October 1991
Volume 32, Issue 11
Articles  |   October 1991
Prenatal ethanol exposure alters scotopic and photopic components of adult rat electroretinograms.
Author Affiliations
  • L M Katz
    Department of Ophthalmology, Henry Ford Hospital, Detroit, Michigan.
  • D A Fox
    Department of Ophthalmology, Henry Ford Hospital, Detroit, Michigan.
Investigative Ophthalmology & Visual Science October 1991, Vol.32, 2861-2872. doi:
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      L M Katz, D A Fox; Prenatal ethanol exposure alters scotopic and photopic components of adult rat electroretinograms.. Invest. Ophthalmol. Vis. Sci. 1991;32(11):2861-2872.

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      © ARVO (1962-2015); The Authors (2016-present)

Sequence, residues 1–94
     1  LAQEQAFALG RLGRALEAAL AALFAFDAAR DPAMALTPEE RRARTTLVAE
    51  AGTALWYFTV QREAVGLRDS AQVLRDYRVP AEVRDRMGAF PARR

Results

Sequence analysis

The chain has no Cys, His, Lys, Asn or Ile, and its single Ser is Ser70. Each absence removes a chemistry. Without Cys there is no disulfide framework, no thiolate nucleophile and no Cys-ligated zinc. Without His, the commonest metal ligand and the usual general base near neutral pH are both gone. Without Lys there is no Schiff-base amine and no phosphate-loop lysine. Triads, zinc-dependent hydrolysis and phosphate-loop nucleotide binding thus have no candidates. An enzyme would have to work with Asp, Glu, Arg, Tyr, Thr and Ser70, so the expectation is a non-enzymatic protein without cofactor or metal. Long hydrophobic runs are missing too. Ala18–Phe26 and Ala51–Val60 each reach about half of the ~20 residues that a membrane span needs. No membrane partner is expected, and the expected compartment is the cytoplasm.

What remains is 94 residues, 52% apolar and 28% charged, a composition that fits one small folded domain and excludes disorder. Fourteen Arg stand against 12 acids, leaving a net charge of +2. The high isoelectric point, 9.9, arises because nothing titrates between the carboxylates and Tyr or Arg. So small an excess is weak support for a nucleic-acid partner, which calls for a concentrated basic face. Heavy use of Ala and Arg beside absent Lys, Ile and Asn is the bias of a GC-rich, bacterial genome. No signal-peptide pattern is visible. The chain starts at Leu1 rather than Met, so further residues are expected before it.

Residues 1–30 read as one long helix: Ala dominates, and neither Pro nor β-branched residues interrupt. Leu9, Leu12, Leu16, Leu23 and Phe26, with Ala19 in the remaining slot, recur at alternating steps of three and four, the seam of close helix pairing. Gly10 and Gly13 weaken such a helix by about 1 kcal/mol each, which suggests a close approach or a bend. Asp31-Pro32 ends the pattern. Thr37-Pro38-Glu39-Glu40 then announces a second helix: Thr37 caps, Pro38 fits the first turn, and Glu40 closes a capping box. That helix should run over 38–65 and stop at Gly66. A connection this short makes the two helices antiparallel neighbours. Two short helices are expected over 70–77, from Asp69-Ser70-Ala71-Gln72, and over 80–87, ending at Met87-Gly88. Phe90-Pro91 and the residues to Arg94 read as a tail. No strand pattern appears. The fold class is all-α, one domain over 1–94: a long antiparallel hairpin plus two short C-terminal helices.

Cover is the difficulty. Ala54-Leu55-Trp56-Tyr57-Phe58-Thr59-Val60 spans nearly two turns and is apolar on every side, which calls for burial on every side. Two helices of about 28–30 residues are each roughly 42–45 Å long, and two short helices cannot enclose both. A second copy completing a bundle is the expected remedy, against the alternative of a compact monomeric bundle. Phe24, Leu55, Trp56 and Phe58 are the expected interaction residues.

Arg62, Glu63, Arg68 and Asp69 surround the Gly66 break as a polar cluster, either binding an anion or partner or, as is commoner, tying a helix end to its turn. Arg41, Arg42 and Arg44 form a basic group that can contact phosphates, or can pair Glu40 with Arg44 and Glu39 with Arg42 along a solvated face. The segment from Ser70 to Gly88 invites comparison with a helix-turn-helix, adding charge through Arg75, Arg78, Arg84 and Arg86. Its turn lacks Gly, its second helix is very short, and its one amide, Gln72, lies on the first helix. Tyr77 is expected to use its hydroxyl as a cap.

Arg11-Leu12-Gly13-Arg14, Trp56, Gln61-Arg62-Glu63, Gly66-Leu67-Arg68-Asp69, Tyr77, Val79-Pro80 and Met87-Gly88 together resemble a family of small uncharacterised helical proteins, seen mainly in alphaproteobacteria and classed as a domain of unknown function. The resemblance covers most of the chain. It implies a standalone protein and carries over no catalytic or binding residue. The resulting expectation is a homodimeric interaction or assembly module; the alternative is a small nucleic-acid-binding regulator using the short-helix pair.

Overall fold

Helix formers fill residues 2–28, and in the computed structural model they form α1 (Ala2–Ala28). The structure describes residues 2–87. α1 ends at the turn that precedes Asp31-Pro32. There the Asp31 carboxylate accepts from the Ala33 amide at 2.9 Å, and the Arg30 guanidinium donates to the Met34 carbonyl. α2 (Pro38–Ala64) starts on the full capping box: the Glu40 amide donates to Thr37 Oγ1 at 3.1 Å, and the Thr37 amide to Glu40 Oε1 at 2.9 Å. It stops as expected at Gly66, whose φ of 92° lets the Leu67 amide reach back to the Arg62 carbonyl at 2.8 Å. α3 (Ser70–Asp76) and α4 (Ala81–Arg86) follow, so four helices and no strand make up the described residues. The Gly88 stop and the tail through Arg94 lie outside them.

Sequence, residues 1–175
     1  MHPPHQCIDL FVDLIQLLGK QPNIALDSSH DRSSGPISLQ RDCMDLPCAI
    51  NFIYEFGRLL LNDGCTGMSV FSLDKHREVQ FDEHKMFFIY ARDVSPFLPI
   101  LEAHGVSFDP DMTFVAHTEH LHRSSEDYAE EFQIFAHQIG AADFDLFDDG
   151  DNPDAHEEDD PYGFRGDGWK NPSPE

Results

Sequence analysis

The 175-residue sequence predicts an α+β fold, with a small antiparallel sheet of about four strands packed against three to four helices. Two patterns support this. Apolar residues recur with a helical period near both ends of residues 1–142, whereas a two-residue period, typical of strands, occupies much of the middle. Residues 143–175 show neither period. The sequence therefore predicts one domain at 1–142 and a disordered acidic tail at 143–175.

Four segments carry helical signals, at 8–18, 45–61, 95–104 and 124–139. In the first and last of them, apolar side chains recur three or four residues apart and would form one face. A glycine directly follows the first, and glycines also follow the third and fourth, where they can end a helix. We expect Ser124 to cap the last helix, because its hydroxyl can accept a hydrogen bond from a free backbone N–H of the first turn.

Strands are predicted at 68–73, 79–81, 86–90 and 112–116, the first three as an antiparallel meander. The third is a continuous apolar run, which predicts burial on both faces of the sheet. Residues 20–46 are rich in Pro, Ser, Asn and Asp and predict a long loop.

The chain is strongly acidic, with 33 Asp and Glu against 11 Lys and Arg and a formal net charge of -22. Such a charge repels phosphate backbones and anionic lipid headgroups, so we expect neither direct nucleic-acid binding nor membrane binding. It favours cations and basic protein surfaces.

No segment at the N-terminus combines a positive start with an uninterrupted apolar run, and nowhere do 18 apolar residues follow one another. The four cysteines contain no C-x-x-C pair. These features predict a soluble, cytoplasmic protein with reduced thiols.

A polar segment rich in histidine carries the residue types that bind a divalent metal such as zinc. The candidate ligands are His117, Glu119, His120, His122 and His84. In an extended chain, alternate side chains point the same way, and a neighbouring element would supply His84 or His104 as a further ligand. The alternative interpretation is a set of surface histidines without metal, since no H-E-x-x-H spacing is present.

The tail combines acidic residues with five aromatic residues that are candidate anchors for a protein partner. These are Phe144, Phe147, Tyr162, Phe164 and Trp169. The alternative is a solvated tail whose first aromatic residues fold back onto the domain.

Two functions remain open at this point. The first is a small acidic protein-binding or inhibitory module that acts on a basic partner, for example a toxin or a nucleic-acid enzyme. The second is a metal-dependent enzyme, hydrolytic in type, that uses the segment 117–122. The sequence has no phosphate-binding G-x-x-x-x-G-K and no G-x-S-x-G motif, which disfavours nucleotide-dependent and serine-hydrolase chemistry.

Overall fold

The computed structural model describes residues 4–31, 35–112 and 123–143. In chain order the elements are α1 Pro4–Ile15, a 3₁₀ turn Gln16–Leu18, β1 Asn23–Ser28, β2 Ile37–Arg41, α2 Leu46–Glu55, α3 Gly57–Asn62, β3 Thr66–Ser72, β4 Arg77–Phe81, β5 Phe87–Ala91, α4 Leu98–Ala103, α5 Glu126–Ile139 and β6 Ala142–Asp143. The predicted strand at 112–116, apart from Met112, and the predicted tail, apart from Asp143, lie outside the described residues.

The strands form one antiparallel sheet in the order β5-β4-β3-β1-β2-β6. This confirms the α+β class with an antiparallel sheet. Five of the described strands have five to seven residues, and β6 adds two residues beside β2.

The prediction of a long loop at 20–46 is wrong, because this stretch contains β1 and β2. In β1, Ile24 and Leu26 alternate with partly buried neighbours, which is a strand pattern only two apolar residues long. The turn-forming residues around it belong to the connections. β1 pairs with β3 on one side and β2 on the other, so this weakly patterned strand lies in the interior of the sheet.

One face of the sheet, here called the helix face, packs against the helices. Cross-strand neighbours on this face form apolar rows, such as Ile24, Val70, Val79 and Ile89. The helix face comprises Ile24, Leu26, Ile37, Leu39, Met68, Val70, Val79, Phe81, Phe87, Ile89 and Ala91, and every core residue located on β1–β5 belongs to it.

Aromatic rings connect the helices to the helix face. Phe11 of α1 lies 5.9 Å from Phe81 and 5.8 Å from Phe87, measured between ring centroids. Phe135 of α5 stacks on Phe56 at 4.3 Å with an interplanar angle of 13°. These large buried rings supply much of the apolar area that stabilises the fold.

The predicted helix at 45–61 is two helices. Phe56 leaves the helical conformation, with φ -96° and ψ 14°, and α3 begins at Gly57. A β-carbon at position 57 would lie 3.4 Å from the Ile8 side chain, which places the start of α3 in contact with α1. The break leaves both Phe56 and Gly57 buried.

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Ocular malformations and visual deficits are pathognomic of fetal alcohol syndrome (FAS). However, there are no reports on retinal visual function. To determine if prenatal (human second-trimester equivalent) or prenatal plus 10 days of postnatal (human third-trimester equivalent) ethanol exposure produced scotopic and/or photopic deficits in adult hooded rats, electroretinography (ERG) was used to examine rod and cone, increment threshold, dark adaptation, and paired-flash amplitude recovery functions. The rhodopsin content per eye also was determined. Five main results were found. First, voltage-log intensity and latency-log intensity functions, generated from single-flash ERGs in fully dark-adapted rats, showed increases in absolute threshold and latency and decreases in response amplitude. Second, cone ERGs had latency increases. Third, there were decreases in the scotopic and photopic critical flicker-fusion frequencies, increment threshold functions, and absolute and relative refractory periods. Fourth, rod sensitivity, range, and rate of dark adaptation were decreased. Fifth, rhodopsin content per eye was decreased. These data showed that prenatal ethanol exposure produces long-term deficits in retinal sensitivity, amplitude, light and dark adaptation, temporal processing, and excitability. Larger deficits occurred in the scotopic than photopic system and were produced with an additional 10 days of postnatal ethanol exposure. Alterations in photoreceptors and other cells of the distal retina probably contributed to these deficits. The relevance and applicability of these data to FAS and subclinical alcohol embryopathy have yet to be demonstrated; however, they suggest that similar retinal alterations may occur in human FAS.


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